Here is the code snippet ang2.html of where angular makes a POST request to the server when user clicks the submit ,

<html ng-app>
<body>
    <form ng-controller='appController' ng-submit="send()">
      <!--send() function from the controller is called on form submission -->
        <textarea ng-model='data.textdata'></textarea>
        <pre>{{data.textdata}}</pre>
        <input type="submit" ngClick="Submit">
        <div><pre>{{response.data}}</pre>
        </div>
        <ng-form>

    <script src="https://ajax.googleapis.com/ajax/libs/angularjs/1.0.1/angular.min.js">
    </script>
    <script>
        function appController($scope, $http) {
            /*$http directive is used to communicate ot the server */
            $scope.data = {}
            $scope.response = {}

            $scope.send = function () {
                /*executed when submit is clicked*/
                console.log("inside click");
                console.log($scope.data.textdata);

                var posting = $http({
                    method: 'POST',
                    /*posting to /post */
                    url: '/post',
                    data: $scope.data,

                    processData: false
                })
                posting.success(function (response) {
                    /*executed when server responds back*/
                    console.log(response);
                    $scope.response.data = response;
                });
            }
        };
    </script>
</body>

</html>

Here is the server code app.js using node.js-express to handle the POST request from the AngularJS frontend script and respond back to it .

var express = require('express')
, http = require('http'), path = require('path');

var app = express();

app.use(express.static(path.join(__dirname, 'public')));
/*JS client side files has to be placed under a folder by name 'public' */
app.use(express.bodyParser());
/*to access the posted data from client using request body*/
app.post('/post', function (req, res) {
    /* Handling the AngularJS post request*/
    console.log(req.body);
    res.setHeader('Content-Type', 'application/json');
    /*response has to be in the form of a JSON*/
    req.body.serverMessage = "NodeJS replying to angular"
        /*adding a new field to send it to the angular Client */
    res.end(JSON.stringify(req.body));
    /*Sending the respone back to the angular Client */
});

http.createServer(app).listen(3000, function () {
    console.log("Express server listening on port 3000");
});

Create a folder called public and place ang2.html inside it
, Here is the link for the codes published in this post

Here are the screenshots from server and client side ,

Angular posting data
Angular posting data

server handling client angularJS request
server handling client angularJS request

fianlly !!!!!!!!!!!!!!!!thats the end of this post , i hope you guys found this post to be helpful in understanding how to use AngularJS to communicate to the server , will catch up soon with further exciting posts , till then Happy coding 😀

Obtaining user logs! (Task 1)

Good post!

Karthik Srivatsa

Out of a lot of options that we had, we opted for OpenCart ( http://www.opencart.com/ ) for our front end e-commerce solution. So the first step was to download and configure open cart over a locally running LAMP server. The steps for setting up the OpenCart site on your Apache server can be found here : ” http://docs.opencart.com/display/opencart/Installation ” .

 

                      Image

 

Apache provides a mod_usertrack ( “http://httpd.apache.org/docs/2.0/mod/mod_usertrack.html ” ) module for logging the user activity by using cookies and generates a ‘clickstream’ log. An enhanced version of the same module can be found here by the name mod_cookietrack : ” https://github.com/piykumar/modified_mod_cookietrack ” . This module requires apache-dev to be installed and perl. After that you install it using the command ‘sudo ./build.pl’.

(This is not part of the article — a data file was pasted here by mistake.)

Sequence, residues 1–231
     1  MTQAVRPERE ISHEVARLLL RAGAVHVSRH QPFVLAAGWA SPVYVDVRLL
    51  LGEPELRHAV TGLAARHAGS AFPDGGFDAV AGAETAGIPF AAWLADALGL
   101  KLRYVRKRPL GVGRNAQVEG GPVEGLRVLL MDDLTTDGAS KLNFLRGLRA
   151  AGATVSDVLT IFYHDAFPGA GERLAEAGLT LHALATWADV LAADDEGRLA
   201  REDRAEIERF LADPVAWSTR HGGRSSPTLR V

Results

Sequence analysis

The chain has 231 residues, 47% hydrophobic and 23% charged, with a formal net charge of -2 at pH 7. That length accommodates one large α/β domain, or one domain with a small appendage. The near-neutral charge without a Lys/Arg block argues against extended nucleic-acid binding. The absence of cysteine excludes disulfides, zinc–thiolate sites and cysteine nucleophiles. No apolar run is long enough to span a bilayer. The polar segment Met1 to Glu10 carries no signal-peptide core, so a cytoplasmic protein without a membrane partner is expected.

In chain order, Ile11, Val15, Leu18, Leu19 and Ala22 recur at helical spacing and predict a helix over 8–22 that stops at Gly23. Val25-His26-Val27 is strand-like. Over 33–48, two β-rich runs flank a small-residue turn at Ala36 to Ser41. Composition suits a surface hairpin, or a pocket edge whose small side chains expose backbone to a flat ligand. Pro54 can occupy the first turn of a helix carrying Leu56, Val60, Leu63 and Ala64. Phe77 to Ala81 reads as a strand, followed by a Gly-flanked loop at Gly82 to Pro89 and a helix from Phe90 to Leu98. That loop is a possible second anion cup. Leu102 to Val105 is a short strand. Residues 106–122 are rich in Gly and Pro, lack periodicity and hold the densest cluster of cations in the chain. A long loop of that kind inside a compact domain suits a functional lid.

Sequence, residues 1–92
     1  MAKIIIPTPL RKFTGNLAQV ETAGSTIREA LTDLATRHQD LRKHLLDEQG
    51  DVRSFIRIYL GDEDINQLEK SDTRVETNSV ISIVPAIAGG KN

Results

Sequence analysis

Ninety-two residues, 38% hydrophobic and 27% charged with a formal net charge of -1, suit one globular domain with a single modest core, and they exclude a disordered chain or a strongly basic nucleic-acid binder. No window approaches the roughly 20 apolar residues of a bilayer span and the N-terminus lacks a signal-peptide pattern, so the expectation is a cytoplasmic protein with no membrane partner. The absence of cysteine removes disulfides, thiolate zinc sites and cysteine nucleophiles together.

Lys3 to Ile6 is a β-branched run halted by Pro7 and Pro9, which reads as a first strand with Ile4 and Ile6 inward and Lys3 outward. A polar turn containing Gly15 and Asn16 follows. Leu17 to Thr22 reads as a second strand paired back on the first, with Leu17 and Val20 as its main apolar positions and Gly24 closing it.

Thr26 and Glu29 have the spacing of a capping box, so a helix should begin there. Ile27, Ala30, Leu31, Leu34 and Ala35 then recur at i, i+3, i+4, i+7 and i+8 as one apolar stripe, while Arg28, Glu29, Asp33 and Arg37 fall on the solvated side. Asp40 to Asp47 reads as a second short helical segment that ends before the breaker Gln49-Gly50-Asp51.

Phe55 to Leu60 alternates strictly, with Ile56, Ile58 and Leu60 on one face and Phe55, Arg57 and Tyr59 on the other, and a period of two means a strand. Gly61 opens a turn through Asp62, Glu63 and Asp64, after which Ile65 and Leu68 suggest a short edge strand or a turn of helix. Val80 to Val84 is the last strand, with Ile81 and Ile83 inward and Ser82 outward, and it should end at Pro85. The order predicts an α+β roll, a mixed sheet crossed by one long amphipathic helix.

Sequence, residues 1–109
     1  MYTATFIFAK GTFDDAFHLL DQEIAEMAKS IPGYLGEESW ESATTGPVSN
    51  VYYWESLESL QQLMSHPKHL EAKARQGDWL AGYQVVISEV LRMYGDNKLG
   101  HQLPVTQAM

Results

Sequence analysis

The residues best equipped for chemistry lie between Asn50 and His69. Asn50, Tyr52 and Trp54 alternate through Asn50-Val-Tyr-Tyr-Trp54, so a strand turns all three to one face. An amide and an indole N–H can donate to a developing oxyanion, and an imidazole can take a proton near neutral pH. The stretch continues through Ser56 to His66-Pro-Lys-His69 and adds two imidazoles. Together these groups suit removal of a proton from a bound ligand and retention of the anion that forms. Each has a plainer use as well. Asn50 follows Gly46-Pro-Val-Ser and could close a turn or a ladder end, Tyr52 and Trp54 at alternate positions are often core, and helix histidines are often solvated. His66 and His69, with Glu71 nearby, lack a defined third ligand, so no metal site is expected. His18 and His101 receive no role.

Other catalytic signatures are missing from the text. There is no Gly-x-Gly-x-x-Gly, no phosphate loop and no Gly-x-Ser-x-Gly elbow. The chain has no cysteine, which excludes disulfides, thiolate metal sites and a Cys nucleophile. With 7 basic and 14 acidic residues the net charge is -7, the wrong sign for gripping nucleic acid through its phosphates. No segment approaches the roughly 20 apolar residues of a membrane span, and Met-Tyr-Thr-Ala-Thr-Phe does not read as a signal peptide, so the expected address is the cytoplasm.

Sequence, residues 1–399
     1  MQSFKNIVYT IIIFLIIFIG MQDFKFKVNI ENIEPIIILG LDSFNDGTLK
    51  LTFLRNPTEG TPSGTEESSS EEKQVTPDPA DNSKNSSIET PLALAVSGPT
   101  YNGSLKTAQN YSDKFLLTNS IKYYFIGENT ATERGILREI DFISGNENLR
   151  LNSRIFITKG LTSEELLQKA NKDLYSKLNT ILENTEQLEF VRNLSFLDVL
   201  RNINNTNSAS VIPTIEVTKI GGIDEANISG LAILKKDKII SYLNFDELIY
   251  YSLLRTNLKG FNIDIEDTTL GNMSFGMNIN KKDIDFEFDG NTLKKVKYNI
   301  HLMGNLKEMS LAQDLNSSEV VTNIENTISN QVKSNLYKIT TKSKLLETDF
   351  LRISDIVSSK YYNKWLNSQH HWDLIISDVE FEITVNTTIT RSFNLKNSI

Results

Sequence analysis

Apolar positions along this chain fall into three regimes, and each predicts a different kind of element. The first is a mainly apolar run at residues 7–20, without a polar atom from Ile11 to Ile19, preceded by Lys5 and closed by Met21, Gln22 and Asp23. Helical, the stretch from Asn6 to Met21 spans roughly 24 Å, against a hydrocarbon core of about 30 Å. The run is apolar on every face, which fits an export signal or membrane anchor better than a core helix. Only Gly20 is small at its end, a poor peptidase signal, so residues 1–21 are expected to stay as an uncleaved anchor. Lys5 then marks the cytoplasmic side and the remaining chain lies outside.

NOTE : If you have errors saying that apxs file is not found in /usr/sbin/apxs try to look for it in the folder /usr/bin/apxs and…

View original post 465 more words

Simple CSS3 Transformations – transitions , translations and rotation

 W3C consortium was setup to standardize different browser interpreted languages , but different browser vendors wanted to provide support for experimental css3 features till they are standardized by W3C , such experimental and browser specific css3 features are to used with the prefix provided the vendor , -webkit-(chrome and safari),-o-(opera),-moz-(firefox),-ms-(IE), in the following code snippet i’ve just used -webkit- prefixes , so the code just works in Google chrome browser , to make it work in other browsers , just repeat the attributes with the vendor specific prefixes 

Image

<!DOCTYPE html>
<html>
<head>
<title>First Transform </title>
<style>
h1 {
text-align : center ;
font-family : Futura ;

}
h1:hover {

-webkit-transition :6s all steps(6,end);
-webkit-transform : translateX(600px);
/* the header (h1 ) moves on X-axis (translates) 600px to the right , but the transition(webkit-transition) effect in place
makes sure that this transition takes place over a time of 6 seconds and 6 steps on mouse hover */
}
img.tilt:hover {
-webkit-transform : rotate(9.0deg); /*Rotates the image by 9 degrees on mouse hover and transition makes the effect take place smoothly over a period of 5 seconds */
-webkit-transition : 5s all;
}
</style>
</head>
<body>
<h1>CSS3 Testing</h1>
<p><img src = “deb.jpg” style= “width:300px;height:200px; margin: 0 2em 2em 0;”class=”tilt” >Hi , this is Debian , Debian is a free Operating system , the kernel used by debian is the kernel written Linux torwals .Debian is a free and universal operating system where everything , i repeat , everything in the operating system is free , the source for every binary in DEBIAN is available, All the softwares for debian comes packaged in .deb(.debian) files where these are hosted in their official repositories </p>

</body>
</html>